Friday, February 4, 2011

The moving question

Interesting to read via Better Nation of the stooshie over the plan to move the production of Question Time from London to Glasgow - and could there be a more deliciously ironic choice of location given the notorious events of a few months ago? Of course this is merely about a - slightly - fairer geographical division of resources and jobs behind the scenes, and needn't automatically lead to any reversal of the Neanderthal on-screen presumption that the "UK agenda" is whatever looks important to people living in London. However, the departure of the programme's editor may be the first sign that this move has at least a chance of leading indirectly to positive change - ie. the sort of person who can actually bear to work in Glasgow (regardless of where in the UK they come from originally) may also be the sort of person more likely to recognise the legitimacy of broader perspectives. I won't be holding my breath, mind.

One thing that made me laugh in the Guardian news story that Jeff Breslin links to is this comment about The Review Show, which made a similar move to Glasgow not so long ago -

"It emerged last year many guests were being flown from London to Glasgow at huge cost to licence-fee payers."

Tell me, does no "expert" on the arts that might realistically appear on a show like that live anywhere other than London? Was nobody ever flown down from Scotland or the north of England at "huge cost to licence fee payers" during the programme's former life - or was the attitude that if people were silly enough to live several hundred miles away from the acknowledged centre of the universe, they were by definition ruling themselves out of any possibility of appearing on "national" television?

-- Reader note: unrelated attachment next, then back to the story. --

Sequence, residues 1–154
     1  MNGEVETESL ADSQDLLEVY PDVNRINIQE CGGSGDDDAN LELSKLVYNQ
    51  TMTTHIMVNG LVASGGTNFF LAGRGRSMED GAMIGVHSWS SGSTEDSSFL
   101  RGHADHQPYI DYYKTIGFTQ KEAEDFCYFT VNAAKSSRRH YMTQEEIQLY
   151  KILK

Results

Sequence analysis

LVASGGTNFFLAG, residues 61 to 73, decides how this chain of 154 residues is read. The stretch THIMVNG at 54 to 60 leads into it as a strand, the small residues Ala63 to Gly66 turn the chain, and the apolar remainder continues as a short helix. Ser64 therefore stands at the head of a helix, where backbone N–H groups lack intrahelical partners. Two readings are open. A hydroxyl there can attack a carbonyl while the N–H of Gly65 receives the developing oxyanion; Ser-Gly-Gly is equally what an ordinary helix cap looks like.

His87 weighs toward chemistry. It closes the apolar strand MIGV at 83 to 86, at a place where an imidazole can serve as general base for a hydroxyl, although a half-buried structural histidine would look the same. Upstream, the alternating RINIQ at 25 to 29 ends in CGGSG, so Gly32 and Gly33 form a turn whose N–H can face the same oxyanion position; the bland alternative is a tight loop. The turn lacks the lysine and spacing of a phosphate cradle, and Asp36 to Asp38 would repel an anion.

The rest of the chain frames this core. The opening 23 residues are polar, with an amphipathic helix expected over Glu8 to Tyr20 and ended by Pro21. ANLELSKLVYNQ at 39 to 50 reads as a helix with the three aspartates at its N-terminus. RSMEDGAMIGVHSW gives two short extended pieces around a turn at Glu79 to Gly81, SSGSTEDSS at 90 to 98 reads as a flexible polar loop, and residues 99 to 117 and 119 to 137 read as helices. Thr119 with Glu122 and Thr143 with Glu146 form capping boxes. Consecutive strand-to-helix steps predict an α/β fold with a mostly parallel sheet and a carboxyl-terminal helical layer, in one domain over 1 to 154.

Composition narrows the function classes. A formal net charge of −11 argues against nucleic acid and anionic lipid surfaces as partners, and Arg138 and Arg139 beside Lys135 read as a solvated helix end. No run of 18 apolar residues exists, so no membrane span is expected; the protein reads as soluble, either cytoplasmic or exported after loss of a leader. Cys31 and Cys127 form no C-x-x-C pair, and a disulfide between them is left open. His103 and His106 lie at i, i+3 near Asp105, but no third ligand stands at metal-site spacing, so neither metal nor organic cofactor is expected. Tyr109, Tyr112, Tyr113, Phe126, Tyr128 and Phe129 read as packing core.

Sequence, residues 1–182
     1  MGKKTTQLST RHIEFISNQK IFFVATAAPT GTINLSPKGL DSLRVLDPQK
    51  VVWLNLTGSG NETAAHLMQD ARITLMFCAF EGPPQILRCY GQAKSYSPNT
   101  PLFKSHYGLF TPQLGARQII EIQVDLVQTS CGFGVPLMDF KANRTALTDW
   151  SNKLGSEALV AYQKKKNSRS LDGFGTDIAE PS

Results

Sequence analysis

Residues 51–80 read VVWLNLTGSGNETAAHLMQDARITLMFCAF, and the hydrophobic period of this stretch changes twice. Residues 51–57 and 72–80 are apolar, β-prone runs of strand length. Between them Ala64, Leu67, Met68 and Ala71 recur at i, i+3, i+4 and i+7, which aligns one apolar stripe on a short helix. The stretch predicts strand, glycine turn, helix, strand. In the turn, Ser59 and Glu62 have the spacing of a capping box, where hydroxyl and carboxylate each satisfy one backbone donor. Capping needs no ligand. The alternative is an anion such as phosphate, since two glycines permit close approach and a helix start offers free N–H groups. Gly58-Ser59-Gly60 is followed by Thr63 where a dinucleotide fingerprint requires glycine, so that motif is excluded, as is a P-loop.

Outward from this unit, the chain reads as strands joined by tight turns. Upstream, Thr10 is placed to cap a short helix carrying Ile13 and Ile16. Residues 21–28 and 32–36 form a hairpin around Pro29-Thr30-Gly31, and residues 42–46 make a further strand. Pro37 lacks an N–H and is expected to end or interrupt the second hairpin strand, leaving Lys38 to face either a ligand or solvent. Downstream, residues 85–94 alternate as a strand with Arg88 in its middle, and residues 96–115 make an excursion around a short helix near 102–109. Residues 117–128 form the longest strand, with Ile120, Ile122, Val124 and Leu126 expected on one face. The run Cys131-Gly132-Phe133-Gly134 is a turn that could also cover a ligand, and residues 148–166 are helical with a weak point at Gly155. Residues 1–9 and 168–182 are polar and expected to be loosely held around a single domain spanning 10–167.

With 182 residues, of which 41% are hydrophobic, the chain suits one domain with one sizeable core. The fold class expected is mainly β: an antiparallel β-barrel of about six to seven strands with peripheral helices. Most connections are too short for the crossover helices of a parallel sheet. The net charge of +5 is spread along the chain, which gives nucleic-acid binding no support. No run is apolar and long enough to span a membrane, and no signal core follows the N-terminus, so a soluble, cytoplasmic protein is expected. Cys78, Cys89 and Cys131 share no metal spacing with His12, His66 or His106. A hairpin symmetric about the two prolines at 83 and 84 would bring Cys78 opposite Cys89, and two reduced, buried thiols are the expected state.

Wednesday, February 2, 2011

It's the eternal question : 'What Would Iain Do?'

Back at the height of the controversy over the release of the convicted (if unlikely to be the actual) Lockerbie bomber, Iain "the Snarl" Gray informed the Scottish Parliament that if he had been First Minister, Megrahi would still be behind bars. The only possible interpretation that could be put on those words is that Gray would have issued binding instructions to that effect to whoever had been his Justice Secretary - an utterly extraordinary admission, given that the legal position is that decisions on compassionate release must be taken by the Justice Secretary alone, and indeed on a quasi-judicial basis, free from political considerations.

All the same, given Gray's refreshing keenness to share with us how he would act in a variety of hypothetical scenarios, I wonder if he'd now care to tell us what he would have done if he'd been...oooh, I don't know, a junior Labour minister in the Foreign Office just after Megrahi's illness was diagnosed? Would Mr Gray have helpfully advised the Libyans on how to apply for compassionate release as the actual Labour junior Foreign Office minister Bill Rammell did at the time, or wouldn't he? Come on, Iain, you don't even have to - hypothetically - contravene the law in answering this one...

Tuesday, February 1, 2011

Six Nations prediction

For the third year in a row, I've filled out a Six Nations sweepstake form for a member of my family, who seems to be labouring under the misapprehension that I know something about rugby. To be fair to myself, we did somehow win two years ago, although on the other hand we finished second-bottom for the 2007 World Cup! Anyway, this is what I came up with, mainly just by following the overall championship betting (with the exception of Ireland's two home games) -